ISM2019 (Microscopy)


Raviv Dharan 1,2 Asaf Shemesh 1,3 Yael Levi-Kalisman 3,4 Israel Ringel 2 Uri Raviv 1,3
1The Institute of Chemistry, The Hebrew University of Jerusalem, Jerusalem, Israel
2The Institute for Drug Research, The Hebrew University of Jerusalem, Jerusalem, Israel
3The Center for Nanoscience and Nanotechnology, The Hebrew University of Jerusalem, Jerusalem, Israel
4The Institute of life sciences, The Hebrew University of Jerusalem, Jerusalem, Israel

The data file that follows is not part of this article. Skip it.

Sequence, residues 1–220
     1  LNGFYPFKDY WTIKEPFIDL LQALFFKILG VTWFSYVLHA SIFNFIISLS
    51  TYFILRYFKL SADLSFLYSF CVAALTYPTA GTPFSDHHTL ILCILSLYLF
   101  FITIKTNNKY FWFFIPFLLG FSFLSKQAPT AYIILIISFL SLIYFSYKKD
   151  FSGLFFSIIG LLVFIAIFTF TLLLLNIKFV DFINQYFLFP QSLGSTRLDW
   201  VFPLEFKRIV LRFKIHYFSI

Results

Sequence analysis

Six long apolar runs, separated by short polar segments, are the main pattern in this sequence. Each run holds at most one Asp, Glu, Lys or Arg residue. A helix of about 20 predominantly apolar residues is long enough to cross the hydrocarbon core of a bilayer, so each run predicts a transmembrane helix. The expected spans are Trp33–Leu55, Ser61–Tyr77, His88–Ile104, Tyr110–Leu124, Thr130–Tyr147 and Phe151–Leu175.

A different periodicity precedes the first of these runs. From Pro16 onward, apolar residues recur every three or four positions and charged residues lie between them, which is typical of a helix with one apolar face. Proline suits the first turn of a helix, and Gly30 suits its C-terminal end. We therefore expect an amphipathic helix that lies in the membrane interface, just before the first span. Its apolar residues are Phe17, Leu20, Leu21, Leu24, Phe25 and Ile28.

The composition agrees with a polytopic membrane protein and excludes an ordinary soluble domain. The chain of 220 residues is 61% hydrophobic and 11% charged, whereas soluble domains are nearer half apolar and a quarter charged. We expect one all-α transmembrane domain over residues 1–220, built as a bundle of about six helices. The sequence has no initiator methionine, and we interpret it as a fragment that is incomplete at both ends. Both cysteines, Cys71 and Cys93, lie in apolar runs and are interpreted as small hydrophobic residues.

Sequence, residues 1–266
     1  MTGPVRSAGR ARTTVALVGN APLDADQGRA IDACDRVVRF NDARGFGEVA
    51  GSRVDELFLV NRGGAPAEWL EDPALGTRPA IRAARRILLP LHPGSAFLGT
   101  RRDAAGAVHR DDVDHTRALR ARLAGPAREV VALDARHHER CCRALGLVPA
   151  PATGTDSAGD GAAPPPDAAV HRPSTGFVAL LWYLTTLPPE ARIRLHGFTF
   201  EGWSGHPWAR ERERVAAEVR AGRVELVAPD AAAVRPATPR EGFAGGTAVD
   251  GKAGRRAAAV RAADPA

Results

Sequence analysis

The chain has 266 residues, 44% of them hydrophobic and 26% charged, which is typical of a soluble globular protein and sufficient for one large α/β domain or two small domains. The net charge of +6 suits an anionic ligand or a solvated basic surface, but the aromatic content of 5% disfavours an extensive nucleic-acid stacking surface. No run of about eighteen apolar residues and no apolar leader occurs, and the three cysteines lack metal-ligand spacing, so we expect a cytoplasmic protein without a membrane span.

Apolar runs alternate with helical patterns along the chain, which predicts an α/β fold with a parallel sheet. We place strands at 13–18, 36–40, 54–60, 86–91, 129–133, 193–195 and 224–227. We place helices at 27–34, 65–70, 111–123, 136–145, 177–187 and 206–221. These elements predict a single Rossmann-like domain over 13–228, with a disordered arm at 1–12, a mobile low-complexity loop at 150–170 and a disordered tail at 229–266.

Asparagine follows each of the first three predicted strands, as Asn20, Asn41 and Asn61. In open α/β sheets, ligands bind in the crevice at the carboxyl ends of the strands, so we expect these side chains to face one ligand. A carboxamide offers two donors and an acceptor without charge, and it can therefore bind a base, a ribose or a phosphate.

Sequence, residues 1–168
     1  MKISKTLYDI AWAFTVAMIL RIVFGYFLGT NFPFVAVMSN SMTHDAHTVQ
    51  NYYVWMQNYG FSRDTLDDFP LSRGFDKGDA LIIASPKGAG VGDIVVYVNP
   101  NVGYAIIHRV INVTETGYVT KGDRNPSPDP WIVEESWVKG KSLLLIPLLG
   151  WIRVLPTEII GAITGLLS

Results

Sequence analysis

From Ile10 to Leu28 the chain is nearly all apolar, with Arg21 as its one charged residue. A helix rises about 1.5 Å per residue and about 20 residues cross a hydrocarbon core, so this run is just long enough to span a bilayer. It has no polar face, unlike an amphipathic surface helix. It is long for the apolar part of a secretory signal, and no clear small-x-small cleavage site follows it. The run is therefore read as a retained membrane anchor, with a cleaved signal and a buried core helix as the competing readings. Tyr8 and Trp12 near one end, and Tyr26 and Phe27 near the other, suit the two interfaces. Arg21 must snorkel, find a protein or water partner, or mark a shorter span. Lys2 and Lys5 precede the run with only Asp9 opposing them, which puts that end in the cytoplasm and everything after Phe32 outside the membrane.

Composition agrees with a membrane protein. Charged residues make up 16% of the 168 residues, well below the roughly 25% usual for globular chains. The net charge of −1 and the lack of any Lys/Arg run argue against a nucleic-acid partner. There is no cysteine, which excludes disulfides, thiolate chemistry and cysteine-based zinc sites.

The ability of tubulin to assemble into different morphologies is essential for cellular activities. The way that cellular factors regulate the complex construction of tubulin assemblies is still elusive. Spermine, an endogenous polyamine, is a central regulator of the formation of tubulin assemblies. Analyzing tubulin assemblies in the presence of spermine and understanding the mechanism of their formation, may contribute to comprehend their multifunctional nature. Here we show that spermine induced tubulin to assemble in vitro into hierarchical architectures, based on a unique conical frustum tubulin (CFT) subunit. Using solution X-ray scattering and cryogenic transmission electron microscopy, we showed that with progressive increase of spermine concentration, tubulin-dimers assembled into tubulin-rings, CFTs, CFT-tubes, bundles of antiparallel CFT-tubes, and eventually to hexagonal bundles of inverted tubulin tubules (ITTs). Time-resolved experiments revealed that tubulin assemblies formed at low spermine concentrations, were precursors of assemblies formed at higher concentrations. The results provide insight into the regulatory role that spermine has on the architecture of cytoskeletal networks and form the basis for understanding the fundamental interactions that control the structures of protein-based arrays.